But this remarkable yacht is still very much with us and deserves rescue so so much.

©2021 Iain McAllister/ Sandeman Yacht Company Ltd



- Teak planking
- Copper sheathed bottom with tar felt layer
- Sawn oak frames
- Bent oak timbers
- Massive oak wood keel
- 6.3 tons lead keel
- Teak deck
- Teak deck carpentry



Teak and walnut carpentry

- Access offset to starboard from aft deck shelter
- And via port and starboard doors
- Raised helm platform offset to port
- Ship's wheel
- 2 x Fwd/ astern wheels
- Instruments
- 2 x Kent type 'Clearview' screens

- 2 x Steps down to aft accommodation to port
- Lockers and drawer to port
- Swept settee to port
- Large drawer under and locker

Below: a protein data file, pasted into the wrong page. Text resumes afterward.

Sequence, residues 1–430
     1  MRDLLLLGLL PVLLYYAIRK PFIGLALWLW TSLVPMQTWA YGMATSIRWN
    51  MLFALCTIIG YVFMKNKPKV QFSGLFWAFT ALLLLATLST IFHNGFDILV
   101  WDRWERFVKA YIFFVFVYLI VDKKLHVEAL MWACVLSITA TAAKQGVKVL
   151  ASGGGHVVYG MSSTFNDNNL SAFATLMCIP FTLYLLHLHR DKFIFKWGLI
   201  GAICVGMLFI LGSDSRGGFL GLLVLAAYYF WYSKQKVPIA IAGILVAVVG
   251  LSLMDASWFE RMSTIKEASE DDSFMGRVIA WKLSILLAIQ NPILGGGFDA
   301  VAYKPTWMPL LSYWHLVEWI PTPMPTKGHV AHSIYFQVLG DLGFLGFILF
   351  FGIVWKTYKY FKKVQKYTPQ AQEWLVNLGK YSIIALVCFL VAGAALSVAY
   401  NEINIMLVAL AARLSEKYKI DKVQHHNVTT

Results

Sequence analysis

- Sideboard fwd to port
- Sliding windows port and starboard
- Aft facing settee port fwd
- Drawers under
- Curved oak sideboard to starboard
- Carousel bottle stowage
- Lamps and deckhead lights
- Ship's barometer

- Aft facing bureau immediately to port
- 'L' Settee
- Stowage under
- Dining table (not fitted)
- Sideboards with drawers and lockers to starboard
- Large butterfly skylight in deckhead
- Bulkhead mounted electric lamps

- Top surfaces
- Lockers above and below
- Plate racks
- Cooker
- Extraction hood
- Sink
- Water boiler
- Butterfly skylight in deckhead

- Lobby with ship's stair to port to sliding forehatch
- Originally captain's cabin to port presently a workshop
- WC compartment to starboard
- Forward to fore crew cabin with 2 x generous sized berths
- Stowage under
- Hanging lockers
- Deckhead lights
- Forward to chain locker via stepladder and 2 x access hatches

- Down 6 x steps

- Leading to passage extreme starboard fwd to deck saloon


WC Bath and shower room to stbd

Single berth and single folding berth cabin to port
- Stowage under berth
- Hanging lockers
- Sideboard
- Wash hand basin

Single berth cabin to stbd
- Stowage under berth
- Hanging lockers